Governing Global Health: Who Runs the World and Why?
The past few decades have seen a massive increase in the number of international organizations focusing on global health. Campaigns to eradicate or stem the spread of AIDS, SARS, malaria, and Ebola attest to the increasing importance of globally-oriented health organizations. These organizations may be national, regional, international, or even non-state organizations-like Medicins Sans Frontieres. One of the more important recent trends in global health governance, though, has been the rise of public-private partnerships (PPPs) where private non-governmental organizations, for-profit enterprises, and various other social entrepreneurs work hand-in-hand with governments to combat specific maladies. A primary driver for this development is the widespread belief that by joining together, PPPs will attack health problems and fund shared efforts more effectively than other systems.
As Chelsea Clinton and Devi Sridhar show in Governing Global Health, these partnerships are not only important for combating infectious diseases; they also provide models for developing solutions to a host of other serious global health challenges and questions beyond health. But what do we actually know about the accountability and effectiveness of PPPs in relation to the traditional multilaterals? According to Clinton and Sridhar, we have known very little because scholars have not accumulated enough data or developed effective ways to assess them-until now. In their analysis, they uncovered both strength and weaknesses of the model. Using principal-agent theory in which governments are the principals directing international agents of various type, they take a closer look at two major PPPs-the Global Fund to Fight HIV/AIDS, TB and Malaria and the GAVI Alliance-and two major more traditional international organizations-the World Health Organization and the World Bank.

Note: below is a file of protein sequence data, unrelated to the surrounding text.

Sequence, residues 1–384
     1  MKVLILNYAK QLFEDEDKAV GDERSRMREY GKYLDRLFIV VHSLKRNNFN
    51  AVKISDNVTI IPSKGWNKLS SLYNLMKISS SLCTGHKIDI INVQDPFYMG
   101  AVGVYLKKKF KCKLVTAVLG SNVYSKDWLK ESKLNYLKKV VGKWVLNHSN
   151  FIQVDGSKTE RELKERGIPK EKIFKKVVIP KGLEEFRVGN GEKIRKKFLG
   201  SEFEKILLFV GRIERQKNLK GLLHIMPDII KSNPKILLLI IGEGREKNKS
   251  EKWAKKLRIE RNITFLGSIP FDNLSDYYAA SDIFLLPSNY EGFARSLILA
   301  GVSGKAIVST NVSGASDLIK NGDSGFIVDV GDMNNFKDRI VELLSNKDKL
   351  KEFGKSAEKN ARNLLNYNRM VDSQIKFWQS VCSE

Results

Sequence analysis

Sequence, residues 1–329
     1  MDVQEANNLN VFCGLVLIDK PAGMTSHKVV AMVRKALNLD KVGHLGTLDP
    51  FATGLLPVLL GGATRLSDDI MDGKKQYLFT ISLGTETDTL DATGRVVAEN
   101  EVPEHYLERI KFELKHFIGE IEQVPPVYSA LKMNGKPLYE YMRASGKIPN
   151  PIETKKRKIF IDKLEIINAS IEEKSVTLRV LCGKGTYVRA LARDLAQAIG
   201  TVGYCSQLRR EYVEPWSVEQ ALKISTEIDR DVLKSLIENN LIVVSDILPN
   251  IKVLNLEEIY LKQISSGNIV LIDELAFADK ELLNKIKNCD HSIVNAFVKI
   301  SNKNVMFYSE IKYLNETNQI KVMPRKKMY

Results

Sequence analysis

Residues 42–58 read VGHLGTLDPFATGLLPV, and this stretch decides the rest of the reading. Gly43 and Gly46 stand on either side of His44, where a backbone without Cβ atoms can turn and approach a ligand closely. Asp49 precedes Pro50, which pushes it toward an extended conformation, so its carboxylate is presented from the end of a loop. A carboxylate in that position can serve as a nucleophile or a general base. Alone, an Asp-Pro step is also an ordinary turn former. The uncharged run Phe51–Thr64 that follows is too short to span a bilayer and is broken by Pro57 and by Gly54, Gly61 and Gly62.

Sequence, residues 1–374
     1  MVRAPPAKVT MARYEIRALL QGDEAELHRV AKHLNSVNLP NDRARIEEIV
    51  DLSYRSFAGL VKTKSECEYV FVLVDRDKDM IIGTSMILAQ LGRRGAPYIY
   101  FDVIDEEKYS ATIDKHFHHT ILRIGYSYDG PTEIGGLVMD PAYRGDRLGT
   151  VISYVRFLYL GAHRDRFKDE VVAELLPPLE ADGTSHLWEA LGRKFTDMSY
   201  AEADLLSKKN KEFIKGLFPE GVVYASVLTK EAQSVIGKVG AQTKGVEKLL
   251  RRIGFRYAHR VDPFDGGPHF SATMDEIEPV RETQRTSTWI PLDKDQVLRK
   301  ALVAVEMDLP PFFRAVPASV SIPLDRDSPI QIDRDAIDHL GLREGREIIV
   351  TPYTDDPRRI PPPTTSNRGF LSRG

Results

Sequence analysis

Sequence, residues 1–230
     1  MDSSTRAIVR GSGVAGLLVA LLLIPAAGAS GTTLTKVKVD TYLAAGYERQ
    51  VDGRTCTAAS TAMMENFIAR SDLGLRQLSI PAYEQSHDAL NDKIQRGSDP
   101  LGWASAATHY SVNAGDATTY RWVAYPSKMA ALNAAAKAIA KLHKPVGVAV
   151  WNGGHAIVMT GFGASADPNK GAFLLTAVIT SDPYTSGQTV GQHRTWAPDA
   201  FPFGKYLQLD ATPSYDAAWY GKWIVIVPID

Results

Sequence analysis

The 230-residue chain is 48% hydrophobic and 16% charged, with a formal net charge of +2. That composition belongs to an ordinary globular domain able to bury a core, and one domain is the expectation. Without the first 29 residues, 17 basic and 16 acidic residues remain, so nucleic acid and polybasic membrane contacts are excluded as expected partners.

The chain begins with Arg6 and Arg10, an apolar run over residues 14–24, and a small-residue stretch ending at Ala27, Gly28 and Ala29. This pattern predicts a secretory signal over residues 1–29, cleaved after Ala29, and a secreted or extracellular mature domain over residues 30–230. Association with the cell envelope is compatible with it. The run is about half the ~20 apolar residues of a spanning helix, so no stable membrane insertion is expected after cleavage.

An even-handed and thorough empirical analysis of one of the most pressing topics in world affairs, Governing Global Health will reshape our understanding of how organizations can more effectively prevent the spread of communicable diseases like AIDS and reduce pervasive chronic health problems like malnutrition.
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accessed 15 January agency agenda Annual arguably Bank’s bilateral donors billion Board meetings budget CCMs challenges chapter civil society commitments cooperation CSOs December decisions developing countries Devi Sridhar disbursed Ebola efforts engage Evaluation example Executive Board extrabudgetary Fight AIDS financing Fund and Gavi Fund to Fight Fund’s Gates Foundation Gavi Alliance Gavi’s Geneva Global Fund Global Fund Board Global Fund grants global health health systems strengthening HIV/AIDS IBRD implementing Independent Evaluation Group initiatives institutions international organizations investments loans Melinda Gates ment monitoring NCDs Ngaire Woods NGOs nonstate actors Nutrition outbreak pandemic partnerships PEPFAR percent PPPs principal-agent theory principals priorities private sector programs projects public health reform replenishment Review Secretariat September 2015 significant specific tions transparency Tuberculosis Tuberculosis and Malaria UNICEF vaccine Vaccine Alliance vertical voluntary contributions WHO’s World Bank Group World Health Assembly World Health Organization Zika